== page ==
The following is the code for drawing a square and coloring it in turtle:

import turtle
tom = turtle.Turtle()
tom.begin_fill()
tom.color("black", "sky blue")
tom.forward(100)
tom.left(90)
tom.forward(100)
tom.left(90)
tom.forward(100)
tom.left(90)
tom.forward(100)
tom.end_fill()
turtle.Screen().exitonclick()

From above code, we can see that we basically added three lines of code. They are:

• tom.begin_fill() / tom.end_fill(): The .begin_fill() and .end_fill() do as the name suggests.
• tom.color(“black”, “sky blue”): Here, .color() function takes two colors (black and sky blue) as .color(“border_color”, “fill_color”). Where from the output given below we can observe black border and the sky blue fill.

**Note** we can reduce the lines of code using loops but this blog is targeted towards people who have never done python and beginners at most.

## Making multiple Squares(Attached)

The following is the code for drawing multiple squares and coloring it in turtle:

import turtle
tom = turtle.Turtle()
tom.begin_fill()
tom.color("black", "sky blue")
tom.forward(100)
tom.left(90)
tom.forward(100)
tom.left(90)
tom.forward(100)
tom.left(90)
tom.forward(100)
tom.end_fill()
tom.begin_fill()
tom.color("red", "pink")
tom.forward(100)
tom.left(90)
tom.forward(100)
tom.left(90)
tom.forward(100)
tom.left(90)
tom.forward(100)
tom.end_fill()
tom.begin_fill()
tom.color("violet", "yellow")
tom.forward(100)
tom.left(90)
tom.forward(100)
tom.left(90)
tom.forward(100)
tom.left(90)
tom.forward(100)
tom.end_fill()
tom.begin_fill()
tom.color("brown", "light green")
tom.forward(100)
tom.left(90)
tom.forward(100)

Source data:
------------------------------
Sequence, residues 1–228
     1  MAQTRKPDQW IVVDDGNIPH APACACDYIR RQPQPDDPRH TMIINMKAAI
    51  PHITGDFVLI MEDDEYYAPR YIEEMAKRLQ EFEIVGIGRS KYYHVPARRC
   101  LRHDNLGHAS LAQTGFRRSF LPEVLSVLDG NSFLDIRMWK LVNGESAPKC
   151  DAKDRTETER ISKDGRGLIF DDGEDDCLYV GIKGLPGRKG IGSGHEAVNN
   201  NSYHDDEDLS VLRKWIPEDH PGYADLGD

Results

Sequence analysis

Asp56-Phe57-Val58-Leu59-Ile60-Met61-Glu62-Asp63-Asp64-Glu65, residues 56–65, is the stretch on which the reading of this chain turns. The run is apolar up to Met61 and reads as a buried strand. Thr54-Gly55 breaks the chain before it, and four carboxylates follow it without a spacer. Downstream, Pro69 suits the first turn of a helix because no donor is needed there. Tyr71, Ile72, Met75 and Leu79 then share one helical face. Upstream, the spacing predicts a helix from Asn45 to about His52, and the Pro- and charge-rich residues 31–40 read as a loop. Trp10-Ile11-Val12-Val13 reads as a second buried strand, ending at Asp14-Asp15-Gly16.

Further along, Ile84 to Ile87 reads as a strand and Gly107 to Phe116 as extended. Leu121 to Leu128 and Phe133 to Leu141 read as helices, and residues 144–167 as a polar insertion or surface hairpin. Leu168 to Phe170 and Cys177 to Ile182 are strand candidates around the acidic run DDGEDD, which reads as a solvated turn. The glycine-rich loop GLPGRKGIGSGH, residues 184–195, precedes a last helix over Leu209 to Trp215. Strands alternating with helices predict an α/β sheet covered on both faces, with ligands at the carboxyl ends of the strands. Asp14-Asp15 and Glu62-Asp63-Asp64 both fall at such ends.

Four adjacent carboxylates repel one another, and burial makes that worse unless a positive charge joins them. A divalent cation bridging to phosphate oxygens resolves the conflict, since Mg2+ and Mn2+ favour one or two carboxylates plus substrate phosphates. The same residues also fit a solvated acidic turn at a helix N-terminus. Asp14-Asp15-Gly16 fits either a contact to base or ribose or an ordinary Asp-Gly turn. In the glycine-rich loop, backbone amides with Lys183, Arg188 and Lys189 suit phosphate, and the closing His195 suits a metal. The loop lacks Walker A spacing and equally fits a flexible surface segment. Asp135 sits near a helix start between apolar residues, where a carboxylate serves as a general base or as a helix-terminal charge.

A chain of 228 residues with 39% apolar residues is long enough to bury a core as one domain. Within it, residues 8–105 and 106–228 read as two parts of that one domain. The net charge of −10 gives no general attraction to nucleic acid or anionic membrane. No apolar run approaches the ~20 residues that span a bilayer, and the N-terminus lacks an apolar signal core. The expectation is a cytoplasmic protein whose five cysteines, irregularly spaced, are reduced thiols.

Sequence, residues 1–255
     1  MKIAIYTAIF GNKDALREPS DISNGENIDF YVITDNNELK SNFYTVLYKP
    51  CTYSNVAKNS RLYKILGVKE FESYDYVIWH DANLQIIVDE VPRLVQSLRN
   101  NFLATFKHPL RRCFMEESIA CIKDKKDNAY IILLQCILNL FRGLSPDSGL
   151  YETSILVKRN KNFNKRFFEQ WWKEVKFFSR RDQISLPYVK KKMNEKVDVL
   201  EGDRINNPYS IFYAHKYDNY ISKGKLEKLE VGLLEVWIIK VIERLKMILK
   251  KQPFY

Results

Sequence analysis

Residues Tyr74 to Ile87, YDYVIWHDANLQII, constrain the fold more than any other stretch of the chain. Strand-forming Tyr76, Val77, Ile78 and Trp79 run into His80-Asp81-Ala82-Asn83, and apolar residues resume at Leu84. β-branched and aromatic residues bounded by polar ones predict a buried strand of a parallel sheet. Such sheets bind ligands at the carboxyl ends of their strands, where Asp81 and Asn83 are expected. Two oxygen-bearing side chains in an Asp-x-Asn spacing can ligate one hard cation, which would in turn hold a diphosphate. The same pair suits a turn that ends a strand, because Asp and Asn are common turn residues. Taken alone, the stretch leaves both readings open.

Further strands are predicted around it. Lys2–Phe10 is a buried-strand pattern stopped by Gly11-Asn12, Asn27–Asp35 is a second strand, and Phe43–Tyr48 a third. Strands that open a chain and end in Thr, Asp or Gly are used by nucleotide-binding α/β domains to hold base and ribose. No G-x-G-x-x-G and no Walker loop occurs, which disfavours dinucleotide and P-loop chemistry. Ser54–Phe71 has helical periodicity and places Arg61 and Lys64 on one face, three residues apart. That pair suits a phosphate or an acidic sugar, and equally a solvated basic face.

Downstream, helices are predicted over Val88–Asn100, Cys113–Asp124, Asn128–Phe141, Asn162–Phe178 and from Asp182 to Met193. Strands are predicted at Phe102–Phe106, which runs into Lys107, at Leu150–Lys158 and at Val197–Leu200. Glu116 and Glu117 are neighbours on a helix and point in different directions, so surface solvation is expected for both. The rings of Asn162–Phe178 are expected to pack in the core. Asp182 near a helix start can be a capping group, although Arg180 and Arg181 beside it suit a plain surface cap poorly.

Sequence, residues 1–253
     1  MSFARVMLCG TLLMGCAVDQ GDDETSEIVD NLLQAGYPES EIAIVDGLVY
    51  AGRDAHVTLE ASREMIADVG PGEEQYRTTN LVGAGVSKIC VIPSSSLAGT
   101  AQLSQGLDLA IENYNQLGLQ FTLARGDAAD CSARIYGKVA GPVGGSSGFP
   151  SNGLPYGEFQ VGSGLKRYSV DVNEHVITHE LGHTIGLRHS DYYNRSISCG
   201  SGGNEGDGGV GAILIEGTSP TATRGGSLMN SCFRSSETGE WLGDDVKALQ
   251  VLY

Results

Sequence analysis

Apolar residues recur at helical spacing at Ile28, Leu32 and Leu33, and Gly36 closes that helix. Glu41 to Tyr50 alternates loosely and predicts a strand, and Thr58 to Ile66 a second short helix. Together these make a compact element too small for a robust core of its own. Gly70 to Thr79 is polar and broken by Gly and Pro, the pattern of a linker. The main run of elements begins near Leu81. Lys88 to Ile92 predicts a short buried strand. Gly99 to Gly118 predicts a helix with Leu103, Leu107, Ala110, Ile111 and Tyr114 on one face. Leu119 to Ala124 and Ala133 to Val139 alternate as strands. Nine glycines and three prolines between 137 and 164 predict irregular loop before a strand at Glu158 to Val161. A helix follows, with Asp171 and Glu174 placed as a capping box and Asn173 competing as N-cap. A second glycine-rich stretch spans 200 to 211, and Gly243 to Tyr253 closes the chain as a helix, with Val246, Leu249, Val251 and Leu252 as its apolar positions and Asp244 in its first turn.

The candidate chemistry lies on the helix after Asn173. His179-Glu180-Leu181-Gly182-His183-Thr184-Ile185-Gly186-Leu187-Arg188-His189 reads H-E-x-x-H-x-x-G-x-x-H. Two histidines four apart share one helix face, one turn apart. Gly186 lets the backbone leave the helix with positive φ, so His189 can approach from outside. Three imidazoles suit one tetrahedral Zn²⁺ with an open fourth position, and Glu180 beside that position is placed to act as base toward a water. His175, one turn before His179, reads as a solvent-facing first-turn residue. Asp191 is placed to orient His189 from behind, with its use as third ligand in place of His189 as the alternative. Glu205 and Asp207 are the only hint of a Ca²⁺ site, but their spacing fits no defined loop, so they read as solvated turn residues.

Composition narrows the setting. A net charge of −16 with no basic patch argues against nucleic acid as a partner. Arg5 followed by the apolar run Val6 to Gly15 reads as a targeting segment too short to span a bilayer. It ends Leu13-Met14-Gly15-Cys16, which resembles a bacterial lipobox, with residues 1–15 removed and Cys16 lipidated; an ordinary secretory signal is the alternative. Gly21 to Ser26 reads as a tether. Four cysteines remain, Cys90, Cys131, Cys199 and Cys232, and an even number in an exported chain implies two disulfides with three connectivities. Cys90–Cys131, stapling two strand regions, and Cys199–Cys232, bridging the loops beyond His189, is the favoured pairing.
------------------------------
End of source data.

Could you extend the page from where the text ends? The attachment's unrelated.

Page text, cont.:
tom.left(90)
tom.forward(100)
tom.left(90)
tom.forward(100)
tom.end_fill()
turtle.Screen().exitonclick()

From above, we can see we basically copy and paste the same square code three times with different border and fill colors.

## Making multiple Squares(Separate)

The following is the code for drawing multiple(separate) squares and coloring it in turtle:

import turtle
tom = turtle.Turtle()
tom.begin_fill()
tom.color("black", "sky blue")
tom.forward(100)
tom.left(90)
tom.forward(100)
tom.left(90)
tom.forward(100)
tom.left(90)
tom.forward(100)
tom.end_fill()

tom.penup()
tom.forward(50)
tom.pendown()

tom.begin_fill()
tom.color("red", "pink")
tom.forward(100)
tom.left(90)
tom.forward(100)
tom.left(90)
tom.forward(100)
tom.left(90)
tom.forward(100)
tom.end_fill()

tom.penup()
tom.forward(50)
tom.pendown()

tom.begin_fill()
tom.color("violet", "yellow")
tom.forward(100)
tom.left(90)
tom.forward(100)
tom.left(90)
tom.forward(100)
tom.left(90)
tom.forward(100)
tom.end_fill()

tom.penup()
tom.forward(50)
tom.pendown()

tom.begin_fill()
tom.color("brown", "light green")
tom.forward(100)
tom.left(90)
tom.forward(100)
tom.left(90)
tom.forward(100)
tom.left(90)
tom.forward(100)
tom.end_fill()
turtle.Screen().exitonclick()

From above code, we can see that we basically added three lines of code, three times. They are:

• tom.penup() / tom.pendown(): Here, .penup() function signifies to raise the pen(as in our drawing cursor). And .pendown() method signifies to rest the pen(as in our drawing cursor). And in between them we have .forward() method.
• tom.forward(50): From the first example itself we know what .forward() method does. Here, as the cursor(.penup()) is raised tom the turtle moves 50 pixels forward and then the cursor is put down(.pendown()).

### Output